Imitating intrepid investor spirit
But sailors feared the myth that in the Atlantic Ocean, there was a dark green sea where whirlpools, reefs and monsters as big as houses lurked. For 10 years Portugal’s Prince Henry the Navigator launched fleets with his own money but the seamen were terrified and came home immediately. The prince believed the potential rewards would be much bigger than the fears and ordered the explorer Gil Eanes to embark on a voyage in 1434. Reluctantly, he succeeded in sailing around Cape Bojador, a headland on the bulge of northern Africa, heralding an era of long navigation in Europe.
Prince Henry sponsored navigation all his life and accumulated wealth. In short, it was a high-risk, high-profit business. In this light, it could be said that the Portuguese prince was the first venture capitalist.
Had it not been for capitalists who loved and appreciated adventure, many brilliant ideas and inventions would not have been realized. Thomas Edison’s lightbulb is one of them. John Pierpont Morgan was a legendary American who was never shy of supporting Edison’s works. He invested, for instance, a whopping $300,000 long before the lightbulb was even invented. Although Morgan generally preferred verified and safer businesses, he invested in Edison’s venture because he was curious about the technology of electricity. Thanks to this, his house on Madison Avenue became the first house lit by electricity in New York.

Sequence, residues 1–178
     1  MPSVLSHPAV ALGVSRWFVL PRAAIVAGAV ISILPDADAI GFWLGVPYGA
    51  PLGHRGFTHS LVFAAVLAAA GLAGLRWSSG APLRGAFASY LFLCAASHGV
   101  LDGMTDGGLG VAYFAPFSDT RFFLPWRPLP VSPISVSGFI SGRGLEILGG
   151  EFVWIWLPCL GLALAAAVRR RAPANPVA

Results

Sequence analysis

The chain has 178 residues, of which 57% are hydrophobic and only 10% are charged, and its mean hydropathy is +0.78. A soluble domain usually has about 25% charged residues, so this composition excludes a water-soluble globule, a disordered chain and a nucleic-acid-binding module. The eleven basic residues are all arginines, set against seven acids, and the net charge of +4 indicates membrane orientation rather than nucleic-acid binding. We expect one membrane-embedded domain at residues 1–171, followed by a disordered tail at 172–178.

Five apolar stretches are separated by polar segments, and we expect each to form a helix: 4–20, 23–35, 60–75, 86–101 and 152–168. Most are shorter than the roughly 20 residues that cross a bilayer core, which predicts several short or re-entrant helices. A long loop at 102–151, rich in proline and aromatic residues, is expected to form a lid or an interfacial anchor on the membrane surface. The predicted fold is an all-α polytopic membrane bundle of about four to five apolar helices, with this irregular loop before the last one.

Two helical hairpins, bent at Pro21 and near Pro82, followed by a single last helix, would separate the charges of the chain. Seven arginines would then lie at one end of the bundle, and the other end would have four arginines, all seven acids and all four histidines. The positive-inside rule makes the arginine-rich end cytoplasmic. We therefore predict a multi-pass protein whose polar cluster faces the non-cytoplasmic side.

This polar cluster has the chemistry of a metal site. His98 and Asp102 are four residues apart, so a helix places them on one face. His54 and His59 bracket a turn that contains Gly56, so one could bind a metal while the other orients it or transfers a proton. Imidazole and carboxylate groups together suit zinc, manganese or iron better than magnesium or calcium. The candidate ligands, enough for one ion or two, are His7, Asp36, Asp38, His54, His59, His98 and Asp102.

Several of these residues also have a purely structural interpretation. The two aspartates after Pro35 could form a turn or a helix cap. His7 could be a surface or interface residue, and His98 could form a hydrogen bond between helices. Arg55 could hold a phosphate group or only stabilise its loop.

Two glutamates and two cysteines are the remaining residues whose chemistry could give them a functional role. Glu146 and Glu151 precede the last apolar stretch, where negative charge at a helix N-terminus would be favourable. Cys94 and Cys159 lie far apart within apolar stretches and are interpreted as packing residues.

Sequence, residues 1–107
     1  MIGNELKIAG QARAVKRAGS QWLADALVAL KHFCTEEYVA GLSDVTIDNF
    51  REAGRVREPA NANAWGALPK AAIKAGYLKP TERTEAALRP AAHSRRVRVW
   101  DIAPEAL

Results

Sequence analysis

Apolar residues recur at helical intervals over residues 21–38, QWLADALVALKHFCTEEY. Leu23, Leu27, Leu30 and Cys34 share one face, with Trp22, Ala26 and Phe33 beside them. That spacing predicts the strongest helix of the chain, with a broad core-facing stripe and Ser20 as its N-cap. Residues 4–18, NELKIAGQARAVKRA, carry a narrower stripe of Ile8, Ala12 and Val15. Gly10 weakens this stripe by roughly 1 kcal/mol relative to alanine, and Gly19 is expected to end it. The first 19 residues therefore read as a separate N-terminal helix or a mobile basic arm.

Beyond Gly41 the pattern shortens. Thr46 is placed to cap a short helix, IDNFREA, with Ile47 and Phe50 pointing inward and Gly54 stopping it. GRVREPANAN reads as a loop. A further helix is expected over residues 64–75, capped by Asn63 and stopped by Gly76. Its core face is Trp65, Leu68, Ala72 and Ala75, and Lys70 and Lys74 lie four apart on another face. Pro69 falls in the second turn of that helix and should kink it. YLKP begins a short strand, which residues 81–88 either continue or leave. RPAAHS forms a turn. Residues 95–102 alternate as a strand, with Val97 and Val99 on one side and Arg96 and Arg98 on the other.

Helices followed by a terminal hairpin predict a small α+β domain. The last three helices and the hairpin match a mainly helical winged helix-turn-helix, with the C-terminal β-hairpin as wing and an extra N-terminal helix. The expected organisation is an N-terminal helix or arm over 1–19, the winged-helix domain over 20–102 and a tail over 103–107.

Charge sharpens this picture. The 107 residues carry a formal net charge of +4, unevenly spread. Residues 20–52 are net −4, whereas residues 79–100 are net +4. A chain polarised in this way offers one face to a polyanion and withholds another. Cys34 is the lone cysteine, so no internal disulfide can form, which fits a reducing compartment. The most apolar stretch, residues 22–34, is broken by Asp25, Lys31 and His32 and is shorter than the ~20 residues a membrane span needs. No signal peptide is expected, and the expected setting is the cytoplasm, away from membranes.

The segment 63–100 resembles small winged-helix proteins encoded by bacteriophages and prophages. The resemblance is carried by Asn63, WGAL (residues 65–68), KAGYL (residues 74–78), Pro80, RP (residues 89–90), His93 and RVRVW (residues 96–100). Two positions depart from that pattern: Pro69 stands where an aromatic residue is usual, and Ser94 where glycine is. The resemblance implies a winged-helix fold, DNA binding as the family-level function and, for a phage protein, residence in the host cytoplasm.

Investment in venture business is still appealing, although it is not as popular as before due to the economic crisis. Investment can lead not just to wealth, but also usher in a new world.
It must have been appealing even to the son of a former president who said he would set a good example by living as an ordinary person. It was said he was very interested in venture business and invested huge sums of money on various businesses while employed at a company.
However, he falls short of being called a venture capitalist. It was someone else who came up with the money, apparently because he was the son of the president. If the business went well, the son would become rich. Otherwise, he had nothing to lose.
What made Prince Henry and J.P. Morgan outstanding venture capitalists was the courageous spirit that allowed them to risk their own money. If the president’s son had lived as an ordinary employee, instead of imitating a venture capitalist without truly understanding what it means, he would have avoided all his troubles.
The writer is an editorial writer of the JoongAng Ilbo.
By Shin Ye-ri[firstname.lastname@example.org]